What is our primary use case?
We use multiple models here because we do full development. What we deploy on MySQL is from the Helm chart or it's a Dockerized deployment of MySQL. So we're using the Helm stable chart right now. That's sort of the easiest way to deploy it - to say just one command and it bootstraps your whole database within your classical means or cluster. You can do it locally with mini-crews or developers, for organizational use, or Kubernetes. It's single-node Kubernetes.
Also, you can just deploy MySQL locally with a Helm chart. Regarding production, we have a kind of automated process which is similar to what Spinnaker deploys, with a Helm chart as well as within the cluster. Some other solutions we don't run within the cluster, we use the Cloud version of the database which is Cloud SQL, Google Cloud, and AWS. Those are fully managed ones, of which there are two versions. We have our self-managed version which we run locally and with our DEV cluster and then there is production, as well.
We also use a self-managed version since every cloud provider offers MySQL, even AWS. It depends on the client's needs, how flexible the client is, and also how comfortable they are with MySQL.
We either go with our managed version or the Cloud version. Both are supported because today the Mica server that's actually accessing the database or the piece of software just needs a connection string, it doesn't care if it's running within the Synchronous Cloud. If it's running somewhere else in the Cloud, it's still a private connection on the same network.
So the only differences here are in terms of money costs and whether it's managed or not managed. So for local development, you don't want to have a managed database in the Cloud. You don't need to be tethered to the Cloud, you'd rather just deploy locally. And because we have the same deployment scripts that run locally in DEV and testing, we use the same Helm chart and the same Docker version with MySQL to distribute that through our DEV environment to test the bills and run the test and there is a full QA environment for teaching, as well.
What is most valuable?
I treat these products kind of as a throwaway versus what a DBA would be. From an organizational point of view, it's difficult to actually define the most valuable features because we have so many different databases. For some of them, Postgres for example, which uses MySQL, is just personal preference with is no real difference. Unless you get to really high volumes or through-putting. So in our case, because of legacy reasons, we started using MySQL, which was a popular database. It's not a bad database, so there was no reason for us to change it to the Postgres. We do use Postgres right now for other tools, but for a main database for application purposes, we still stick to MySQL. And I think it's just because of legacy, there's no real advantage of one over the other right now.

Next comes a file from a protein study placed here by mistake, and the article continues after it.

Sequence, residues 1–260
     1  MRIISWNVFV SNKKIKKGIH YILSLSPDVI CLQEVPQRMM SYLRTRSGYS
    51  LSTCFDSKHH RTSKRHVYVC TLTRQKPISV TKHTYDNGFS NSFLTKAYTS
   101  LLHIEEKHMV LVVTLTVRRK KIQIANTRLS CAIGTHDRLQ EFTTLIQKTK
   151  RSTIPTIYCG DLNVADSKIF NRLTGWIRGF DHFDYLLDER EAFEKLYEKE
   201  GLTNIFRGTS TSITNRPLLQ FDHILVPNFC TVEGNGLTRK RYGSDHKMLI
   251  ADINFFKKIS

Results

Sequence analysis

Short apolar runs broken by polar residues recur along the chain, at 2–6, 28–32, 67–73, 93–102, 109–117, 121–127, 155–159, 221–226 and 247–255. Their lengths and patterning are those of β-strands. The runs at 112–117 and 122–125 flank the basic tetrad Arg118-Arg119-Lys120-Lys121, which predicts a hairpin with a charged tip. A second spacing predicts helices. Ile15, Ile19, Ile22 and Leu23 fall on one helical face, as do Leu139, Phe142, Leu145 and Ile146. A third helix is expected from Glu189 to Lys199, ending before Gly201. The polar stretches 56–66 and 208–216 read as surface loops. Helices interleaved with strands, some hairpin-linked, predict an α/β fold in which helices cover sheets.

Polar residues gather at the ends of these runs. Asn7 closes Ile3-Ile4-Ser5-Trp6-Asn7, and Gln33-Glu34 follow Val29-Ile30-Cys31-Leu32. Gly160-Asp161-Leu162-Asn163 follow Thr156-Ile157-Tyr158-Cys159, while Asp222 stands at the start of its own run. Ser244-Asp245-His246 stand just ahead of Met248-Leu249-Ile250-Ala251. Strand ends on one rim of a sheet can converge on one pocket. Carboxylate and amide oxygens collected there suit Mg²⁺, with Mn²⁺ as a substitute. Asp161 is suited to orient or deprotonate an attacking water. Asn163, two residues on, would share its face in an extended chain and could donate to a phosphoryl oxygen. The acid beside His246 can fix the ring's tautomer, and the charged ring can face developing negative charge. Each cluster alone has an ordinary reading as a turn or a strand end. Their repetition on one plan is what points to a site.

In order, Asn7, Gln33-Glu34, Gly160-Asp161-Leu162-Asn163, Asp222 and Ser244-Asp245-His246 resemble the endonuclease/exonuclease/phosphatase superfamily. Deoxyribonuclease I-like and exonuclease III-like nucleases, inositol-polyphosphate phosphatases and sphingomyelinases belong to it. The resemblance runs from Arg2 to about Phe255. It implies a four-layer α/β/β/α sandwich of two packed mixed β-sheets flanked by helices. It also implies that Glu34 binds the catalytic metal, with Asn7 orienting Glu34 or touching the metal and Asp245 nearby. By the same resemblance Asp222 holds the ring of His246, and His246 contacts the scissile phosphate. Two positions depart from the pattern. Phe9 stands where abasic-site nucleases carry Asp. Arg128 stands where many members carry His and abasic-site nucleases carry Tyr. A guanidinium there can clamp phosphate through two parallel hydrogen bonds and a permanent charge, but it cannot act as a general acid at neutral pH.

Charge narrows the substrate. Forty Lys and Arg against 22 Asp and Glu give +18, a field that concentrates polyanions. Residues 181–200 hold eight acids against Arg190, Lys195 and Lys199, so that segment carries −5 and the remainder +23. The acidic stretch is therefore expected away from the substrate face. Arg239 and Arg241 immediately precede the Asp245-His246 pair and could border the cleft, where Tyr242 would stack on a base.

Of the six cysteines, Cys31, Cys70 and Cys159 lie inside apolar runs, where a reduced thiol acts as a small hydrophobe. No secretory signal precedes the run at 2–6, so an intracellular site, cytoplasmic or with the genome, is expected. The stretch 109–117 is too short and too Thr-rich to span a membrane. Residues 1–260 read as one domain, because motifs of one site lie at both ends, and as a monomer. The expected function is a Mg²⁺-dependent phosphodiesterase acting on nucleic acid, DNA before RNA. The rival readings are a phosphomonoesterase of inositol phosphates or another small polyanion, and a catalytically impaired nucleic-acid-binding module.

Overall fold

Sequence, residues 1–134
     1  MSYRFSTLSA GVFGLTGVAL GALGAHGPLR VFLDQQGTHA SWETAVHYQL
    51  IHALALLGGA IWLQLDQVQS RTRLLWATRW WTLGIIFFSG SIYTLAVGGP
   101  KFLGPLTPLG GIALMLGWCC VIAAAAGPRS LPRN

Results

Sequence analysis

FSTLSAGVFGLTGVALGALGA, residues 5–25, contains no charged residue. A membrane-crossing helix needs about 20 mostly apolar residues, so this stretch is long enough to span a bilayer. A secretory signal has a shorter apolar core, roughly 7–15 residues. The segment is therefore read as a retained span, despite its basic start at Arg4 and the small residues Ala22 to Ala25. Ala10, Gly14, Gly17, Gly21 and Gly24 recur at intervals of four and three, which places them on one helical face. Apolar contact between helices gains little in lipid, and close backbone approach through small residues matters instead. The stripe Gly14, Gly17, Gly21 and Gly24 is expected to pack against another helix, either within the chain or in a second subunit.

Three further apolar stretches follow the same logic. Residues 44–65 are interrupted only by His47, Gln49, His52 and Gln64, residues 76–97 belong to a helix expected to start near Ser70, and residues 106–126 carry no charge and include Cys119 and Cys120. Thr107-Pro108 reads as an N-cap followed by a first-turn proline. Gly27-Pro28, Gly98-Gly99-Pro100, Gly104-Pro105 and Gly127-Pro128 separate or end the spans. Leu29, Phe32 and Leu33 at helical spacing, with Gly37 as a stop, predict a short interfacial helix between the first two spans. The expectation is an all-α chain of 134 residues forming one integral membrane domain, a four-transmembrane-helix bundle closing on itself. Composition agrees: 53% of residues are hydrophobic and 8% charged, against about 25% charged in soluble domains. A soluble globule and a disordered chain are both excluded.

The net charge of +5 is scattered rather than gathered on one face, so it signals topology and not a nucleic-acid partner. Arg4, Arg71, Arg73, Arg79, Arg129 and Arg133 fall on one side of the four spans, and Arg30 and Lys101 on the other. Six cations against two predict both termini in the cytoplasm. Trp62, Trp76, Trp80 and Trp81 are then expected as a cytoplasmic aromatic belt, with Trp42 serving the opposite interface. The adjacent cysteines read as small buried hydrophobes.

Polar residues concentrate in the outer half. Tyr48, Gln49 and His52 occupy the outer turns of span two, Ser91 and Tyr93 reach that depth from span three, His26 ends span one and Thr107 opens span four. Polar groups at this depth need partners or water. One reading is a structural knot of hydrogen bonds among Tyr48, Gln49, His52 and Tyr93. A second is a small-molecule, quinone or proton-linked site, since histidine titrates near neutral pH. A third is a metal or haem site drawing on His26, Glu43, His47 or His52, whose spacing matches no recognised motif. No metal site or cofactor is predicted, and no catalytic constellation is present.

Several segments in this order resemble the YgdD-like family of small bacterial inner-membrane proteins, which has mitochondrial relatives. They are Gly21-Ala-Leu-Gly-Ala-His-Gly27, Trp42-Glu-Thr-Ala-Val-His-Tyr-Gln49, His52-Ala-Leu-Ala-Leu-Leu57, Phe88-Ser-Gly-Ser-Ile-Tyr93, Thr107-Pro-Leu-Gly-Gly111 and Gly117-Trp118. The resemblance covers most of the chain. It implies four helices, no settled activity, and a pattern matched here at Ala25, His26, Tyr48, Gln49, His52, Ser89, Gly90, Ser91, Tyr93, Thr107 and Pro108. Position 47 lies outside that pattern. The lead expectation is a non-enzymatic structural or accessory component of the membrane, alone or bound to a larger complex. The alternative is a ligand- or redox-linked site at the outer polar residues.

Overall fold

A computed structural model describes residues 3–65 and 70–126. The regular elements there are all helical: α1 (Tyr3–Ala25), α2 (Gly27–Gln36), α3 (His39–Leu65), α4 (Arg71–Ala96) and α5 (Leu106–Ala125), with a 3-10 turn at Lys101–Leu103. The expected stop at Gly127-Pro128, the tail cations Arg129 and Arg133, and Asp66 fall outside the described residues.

We built up the scripts already. Because once you start integrating the scripts into your company, your deployment scripts, test scripts, etc. you just leave it over time because it takes effort to change. But in terms of advantages or features, you can go feature by feature with any database and if you add up the totals, there's no real advantage here between Postgres or MySQL.
What needs improvement?
As for what can be improved, right now we don't use the MySQL cluster. There is a MySQL cluster that you can run in a standalone mode, like a single database or you can do it in a cluster master-slave implementation. The cluster is not the best when it comes to MySQL. That's why we switched to MariaDB. For that simple reason that the cluster there is better. It's more manageable and it's easier to work with.
We decide what to use depending on the needs. For example, if we need to mount something in a cluster mode, we use MariaDB, which again, is a Dockerized solution with a Helm chart as well, and it's very easy for us to deploy and manage, and also to scale when you just increase the number of slave versions. So MySQL doesn't have that great support when it comes to clusters. You can definitely use MySQL for that too, both support clustering, but the MariaDB is better.